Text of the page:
From Academic Kids

County:Greater London
Region:Greater London
Ceremonial County:Greater London
Traditional County:Middlesex
Post Office and Telephone
Post town:LONDON
Dialling Code:020

Fitzrovia is a small district in central London. It is an informal designation, and is not and has never been an administrative district of any kind. The eastern section of the district is in the London Borough of Camden and the western section is in the City of Westminster. It is bounded to the north by Euston Road, to the east by the Tottenham Court Road, to the south by Oxford Street and to the west by Great Portland Street. Fitzrovia is a busy district, but its name is uncommonly obscure compared to those of most central London districts, including its neighbours such as Soho to the south and Bloomsbury to the east. Indeed some people who know London quite well are uncertain what or where Fitzrovia is.

The northern part of the area was first developed in the 18th century by the Hon. Charles FitzRoy, (later Baron Southampton), who purchased the Manor of Tottenhall and built Fitzroy Square to which he gave his name. The square is the most distinguished of the original architectural features of the district, having been designed in part by Robert Adam.

Much of Fitzrovia was developed by small landowners, and this led to a predominence of small and irregular streets, in comparison with neighbouring districts like Marylebone and Bloomsbury, which were dominated by one or two landowners, and were thus developed more schematically, with stronger grid patterns and a greater number of squares. Unlike its neighbours to the south, east and west, Fitzrovia never really had a spell as a fashionable residential district. In its early days, it was largely an area of well to do tradesmen and craft workshops. Nowadays property uses are diverse, but Fitzrovia can't claim to be the focus of any particular activity in London. It is however reasonably well known for its fashion industry, but this is mainly the "back-stage" side of the industry, comprising a good number of wholesalers and associated offices. There are many offices of all kinds, but few if any of them are headquarters of major companies. There are also some hospitals, a few mid-market hotels, a good deal of residential property and one or two minor embassies. Retail uses spill into parts of Fitzrovia from Oxford Street and Tottenham Court Road, which are two of the principal shopping streets in central London.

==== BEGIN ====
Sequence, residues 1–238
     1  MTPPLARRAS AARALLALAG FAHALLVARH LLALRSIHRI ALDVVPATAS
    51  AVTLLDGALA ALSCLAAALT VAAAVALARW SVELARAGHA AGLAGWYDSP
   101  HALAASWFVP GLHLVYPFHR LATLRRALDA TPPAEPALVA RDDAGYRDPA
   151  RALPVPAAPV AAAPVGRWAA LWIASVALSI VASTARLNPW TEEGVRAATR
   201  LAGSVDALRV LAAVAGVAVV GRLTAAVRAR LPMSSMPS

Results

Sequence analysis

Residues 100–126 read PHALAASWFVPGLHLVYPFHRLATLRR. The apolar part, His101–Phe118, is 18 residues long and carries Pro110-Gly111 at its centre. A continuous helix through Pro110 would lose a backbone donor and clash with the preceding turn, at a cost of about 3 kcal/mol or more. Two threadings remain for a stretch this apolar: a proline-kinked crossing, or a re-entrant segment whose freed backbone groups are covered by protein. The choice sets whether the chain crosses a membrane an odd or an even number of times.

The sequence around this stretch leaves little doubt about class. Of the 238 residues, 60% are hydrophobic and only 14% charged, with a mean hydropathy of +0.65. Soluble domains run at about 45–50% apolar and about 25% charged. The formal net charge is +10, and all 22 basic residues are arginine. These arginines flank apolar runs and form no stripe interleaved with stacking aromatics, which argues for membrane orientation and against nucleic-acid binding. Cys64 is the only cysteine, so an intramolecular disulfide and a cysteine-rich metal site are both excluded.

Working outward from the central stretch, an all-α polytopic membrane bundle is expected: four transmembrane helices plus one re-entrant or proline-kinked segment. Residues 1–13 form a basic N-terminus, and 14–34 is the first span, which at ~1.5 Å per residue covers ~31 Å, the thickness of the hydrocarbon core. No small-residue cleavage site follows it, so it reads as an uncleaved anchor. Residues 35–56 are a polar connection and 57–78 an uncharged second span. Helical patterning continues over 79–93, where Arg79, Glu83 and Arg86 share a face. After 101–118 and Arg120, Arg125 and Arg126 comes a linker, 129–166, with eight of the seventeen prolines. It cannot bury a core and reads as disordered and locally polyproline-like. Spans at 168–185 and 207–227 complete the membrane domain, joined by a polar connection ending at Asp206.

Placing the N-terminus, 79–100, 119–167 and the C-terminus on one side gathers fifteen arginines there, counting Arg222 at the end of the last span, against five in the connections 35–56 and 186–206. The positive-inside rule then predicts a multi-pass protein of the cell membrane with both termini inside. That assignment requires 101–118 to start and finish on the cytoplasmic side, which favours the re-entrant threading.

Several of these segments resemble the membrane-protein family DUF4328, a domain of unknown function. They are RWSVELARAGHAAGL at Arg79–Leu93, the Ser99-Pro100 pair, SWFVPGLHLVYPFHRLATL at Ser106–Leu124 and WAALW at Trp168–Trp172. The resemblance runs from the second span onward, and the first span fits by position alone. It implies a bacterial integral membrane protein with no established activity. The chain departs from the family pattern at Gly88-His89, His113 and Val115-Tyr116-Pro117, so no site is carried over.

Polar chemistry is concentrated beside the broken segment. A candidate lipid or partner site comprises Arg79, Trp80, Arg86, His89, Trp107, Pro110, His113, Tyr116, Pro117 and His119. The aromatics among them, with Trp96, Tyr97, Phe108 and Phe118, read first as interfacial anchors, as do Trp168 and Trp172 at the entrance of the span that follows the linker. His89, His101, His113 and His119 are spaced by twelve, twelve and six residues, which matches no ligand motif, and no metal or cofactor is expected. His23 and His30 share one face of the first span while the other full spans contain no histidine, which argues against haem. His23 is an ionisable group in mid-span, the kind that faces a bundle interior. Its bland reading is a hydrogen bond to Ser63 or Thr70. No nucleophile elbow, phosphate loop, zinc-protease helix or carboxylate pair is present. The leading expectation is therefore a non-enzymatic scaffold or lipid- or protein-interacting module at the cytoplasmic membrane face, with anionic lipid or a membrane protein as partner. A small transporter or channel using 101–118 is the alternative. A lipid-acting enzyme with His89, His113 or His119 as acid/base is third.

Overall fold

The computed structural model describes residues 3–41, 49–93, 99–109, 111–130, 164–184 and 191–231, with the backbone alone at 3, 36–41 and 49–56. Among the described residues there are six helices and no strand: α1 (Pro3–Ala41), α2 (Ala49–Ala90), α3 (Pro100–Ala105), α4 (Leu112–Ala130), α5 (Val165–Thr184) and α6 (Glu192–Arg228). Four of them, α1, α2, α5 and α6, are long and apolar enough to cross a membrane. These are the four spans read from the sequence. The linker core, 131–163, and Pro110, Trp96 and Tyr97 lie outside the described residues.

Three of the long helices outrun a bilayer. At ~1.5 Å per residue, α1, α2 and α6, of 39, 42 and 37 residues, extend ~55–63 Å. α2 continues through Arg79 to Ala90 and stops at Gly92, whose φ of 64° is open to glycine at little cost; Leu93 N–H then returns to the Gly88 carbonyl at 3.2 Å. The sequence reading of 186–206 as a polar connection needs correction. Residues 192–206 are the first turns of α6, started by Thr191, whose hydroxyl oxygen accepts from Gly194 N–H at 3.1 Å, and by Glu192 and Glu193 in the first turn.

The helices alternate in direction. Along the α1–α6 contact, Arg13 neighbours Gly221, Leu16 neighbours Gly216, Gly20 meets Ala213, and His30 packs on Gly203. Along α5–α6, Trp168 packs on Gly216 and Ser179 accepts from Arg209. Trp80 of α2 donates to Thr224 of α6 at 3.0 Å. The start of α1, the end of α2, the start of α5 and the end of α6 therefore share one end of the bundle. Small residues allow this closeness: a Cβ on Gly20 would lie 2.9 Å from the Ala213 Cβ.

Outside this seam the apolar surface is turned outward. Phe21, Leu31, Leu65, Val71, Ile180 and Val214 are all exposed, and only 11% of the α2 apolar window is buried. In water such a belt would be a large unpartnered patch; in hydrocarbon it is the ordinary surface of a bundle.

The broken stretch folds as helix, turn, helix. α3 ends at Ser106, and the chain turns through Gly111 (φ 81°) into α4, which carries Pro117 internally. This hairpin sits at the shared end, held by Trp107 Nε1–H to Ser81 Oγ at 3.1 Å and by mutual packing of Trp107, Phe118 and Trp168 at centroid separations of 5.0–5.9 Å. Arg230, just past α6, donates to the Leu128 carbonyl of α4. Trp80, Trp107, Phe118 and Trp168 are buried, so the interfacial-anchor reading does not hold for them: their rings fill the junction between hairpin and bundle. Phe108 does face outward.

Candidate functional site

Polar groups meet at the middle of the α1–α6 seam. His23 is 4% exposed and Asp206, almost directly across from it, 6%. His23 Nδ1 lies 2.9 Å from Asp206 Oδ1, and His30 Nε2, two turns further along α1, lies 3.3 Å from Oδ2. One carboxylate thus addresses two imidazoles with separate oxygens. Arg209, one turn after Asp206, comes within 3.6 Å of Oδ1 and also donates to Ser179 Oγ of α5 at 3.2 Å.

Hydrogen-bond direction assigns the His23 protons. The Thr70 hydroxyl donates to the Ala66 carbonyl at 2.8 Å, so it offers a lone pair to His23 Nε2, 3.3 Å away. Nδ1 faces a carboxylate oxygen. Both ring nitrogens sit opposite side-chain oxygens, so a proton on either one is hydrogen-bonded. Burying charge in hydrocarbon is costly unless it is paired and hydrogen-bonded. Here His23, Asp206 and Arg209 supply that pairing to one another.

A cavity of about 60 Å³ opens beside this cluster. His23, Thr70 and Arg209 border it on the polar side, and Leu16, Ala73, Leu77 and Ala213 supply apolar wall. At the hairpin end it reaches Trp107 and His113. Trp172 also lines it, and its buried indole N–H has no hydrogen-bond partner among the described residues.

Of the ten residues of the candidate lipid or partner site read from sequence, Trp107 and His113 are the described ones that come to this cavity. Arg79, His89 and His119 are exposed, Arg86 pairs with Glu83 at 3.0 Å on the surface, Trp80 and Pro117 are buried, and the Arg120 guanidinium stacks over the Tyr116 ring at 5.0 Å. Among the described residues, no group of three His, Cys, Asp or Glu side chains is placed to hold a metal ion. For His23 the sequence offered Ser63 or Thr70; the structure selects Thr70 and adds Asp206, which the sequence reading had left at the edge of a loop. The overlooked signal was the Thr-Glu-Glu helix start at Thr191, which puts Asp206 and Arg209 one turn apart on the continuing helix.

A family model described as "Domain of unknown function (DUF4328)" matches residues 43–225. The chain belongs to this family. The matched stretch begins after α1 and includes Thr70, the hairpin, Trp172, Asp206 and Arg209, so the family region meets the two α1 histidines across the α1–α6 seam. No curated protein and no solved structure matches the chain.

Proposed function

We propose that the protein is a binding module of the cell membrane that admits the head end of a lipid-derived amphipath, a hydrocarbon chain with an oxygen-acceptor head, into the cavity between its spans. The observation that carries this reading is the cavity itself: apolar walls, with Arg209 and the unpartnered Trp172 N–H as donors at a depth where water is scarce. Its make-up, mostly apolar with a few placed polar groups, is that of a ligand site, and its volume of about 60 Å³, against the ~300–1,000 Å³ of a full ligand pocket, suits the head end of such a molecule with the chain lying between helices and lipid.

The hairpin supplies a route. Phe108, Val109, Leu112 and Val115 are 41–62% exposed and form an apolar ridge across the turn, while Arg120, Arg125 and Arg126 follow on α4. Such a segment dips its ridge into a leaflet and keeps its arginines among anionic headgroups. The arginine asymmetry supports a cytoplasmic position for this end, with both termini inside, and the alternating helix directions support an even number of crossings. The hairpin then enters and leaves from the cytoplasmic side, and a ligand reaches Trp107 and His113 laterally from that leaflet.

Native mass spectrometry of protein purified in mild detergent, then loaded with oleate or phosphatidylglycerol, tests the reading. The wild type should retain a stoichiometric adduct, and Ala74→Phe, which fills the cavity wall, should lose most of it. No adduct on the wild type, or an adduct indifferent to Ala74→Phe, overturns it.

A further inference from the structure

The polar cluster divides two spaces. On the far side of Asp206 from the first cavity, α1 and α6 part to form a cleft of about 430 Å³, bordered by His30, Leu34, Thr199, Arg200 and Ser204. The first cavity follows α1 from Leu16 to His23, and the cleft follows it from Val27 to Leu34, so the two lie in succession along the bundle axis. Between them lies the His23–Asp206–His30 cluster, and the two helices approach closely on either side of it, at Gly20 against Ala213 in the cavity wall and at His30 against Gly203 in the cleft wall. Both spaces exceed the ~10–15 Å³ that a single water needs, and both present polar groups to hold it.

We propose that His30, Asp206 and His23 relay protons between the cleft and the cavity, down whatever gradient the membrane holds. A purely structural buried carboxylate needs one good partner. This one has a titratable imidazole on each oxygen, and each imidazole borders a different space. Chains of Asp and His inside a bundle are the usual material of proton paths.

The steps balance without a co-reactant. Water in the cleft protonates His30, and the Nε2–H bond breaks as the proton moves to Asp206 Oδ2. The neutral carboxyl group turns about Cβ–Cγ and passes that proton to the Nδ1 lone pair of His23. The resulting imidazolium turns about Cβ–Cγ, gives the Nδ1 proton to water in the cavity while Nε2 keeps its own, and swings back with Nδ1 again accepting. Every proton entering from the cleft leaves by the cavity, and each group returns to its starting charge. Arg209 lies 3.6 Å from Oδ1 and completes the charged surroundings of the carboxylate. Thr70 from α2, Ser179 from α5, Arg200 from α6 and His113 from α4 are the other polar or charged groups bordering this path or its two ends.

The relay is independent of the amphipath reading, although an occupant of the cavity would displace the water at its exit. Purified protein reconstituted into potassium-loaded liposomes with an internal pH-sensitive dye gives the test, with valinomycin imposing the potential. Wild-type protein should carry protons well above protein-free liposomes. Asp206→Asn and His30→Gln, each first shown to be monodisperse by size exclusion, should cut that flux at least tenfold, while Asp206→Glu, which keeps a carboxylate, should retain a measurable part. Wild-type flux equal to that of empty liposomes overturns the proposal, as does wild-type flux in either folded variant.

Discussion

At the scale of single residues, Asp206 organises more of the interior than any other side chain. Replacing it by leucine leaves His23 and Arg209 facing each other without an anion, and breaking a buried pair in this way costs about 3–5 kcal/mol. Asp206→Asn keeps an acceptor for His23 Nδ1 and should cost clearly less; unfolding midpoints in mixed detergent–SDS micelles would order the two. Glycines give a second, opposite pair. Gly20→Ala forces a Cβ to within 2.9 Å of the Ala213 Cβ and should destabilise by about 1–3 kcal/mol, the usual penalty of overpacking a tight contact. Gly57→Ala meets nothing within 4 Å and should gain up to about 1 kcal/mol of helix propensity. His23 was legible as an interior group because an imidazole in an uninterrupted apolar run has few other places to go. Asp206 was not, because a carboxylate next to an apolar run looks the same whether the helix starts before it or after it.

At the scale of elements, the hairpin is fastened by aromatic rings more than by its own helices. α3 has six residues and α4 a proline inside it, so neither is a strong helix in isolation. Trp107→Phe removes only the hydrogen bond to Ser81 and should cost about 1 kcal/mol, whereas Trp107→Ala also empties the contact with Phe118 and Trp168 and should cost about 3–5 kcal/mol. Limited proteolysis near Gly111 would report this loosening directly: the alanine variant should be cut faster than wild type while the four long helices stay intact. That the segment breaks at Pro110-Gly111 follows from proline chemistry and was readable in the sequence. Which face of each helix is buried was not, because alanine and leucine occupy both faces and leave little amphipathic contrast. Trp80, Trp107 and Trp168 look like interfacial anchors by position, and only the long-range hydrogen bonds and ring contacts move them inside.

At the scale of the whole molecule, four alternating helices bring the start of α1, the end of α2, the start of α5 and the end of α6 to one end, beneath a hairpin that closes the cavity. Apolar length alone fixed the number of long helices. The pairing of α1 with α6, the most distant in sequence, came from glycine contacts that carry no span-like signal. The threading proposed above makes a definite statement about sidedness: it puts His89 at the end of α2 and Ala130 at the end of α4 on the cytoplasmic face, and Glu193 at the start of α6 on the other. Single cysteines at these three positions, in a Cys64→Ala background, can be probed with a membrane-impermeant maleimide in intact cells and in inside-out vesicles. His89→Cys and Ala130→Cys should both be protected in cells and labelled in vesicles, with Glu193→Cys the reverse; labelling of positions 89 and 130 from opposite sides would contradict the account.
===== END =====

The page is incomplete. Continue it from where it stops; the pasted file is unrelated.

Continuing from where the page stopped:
Other features include the Fitzroy Tavern in Charlotte Street which artists, writers and other Bohemians used to frequent in the 1930s, and the BT Tower, which is one of London's tallest buildings.

External link

Map of Fitzrovia and the surrounding districts (,181750&st=4&ar=N&mapp=newmap.srf&searchp=newsearch.srf) - note that this widely used street atlas does not bother to designate Fitzrovia.


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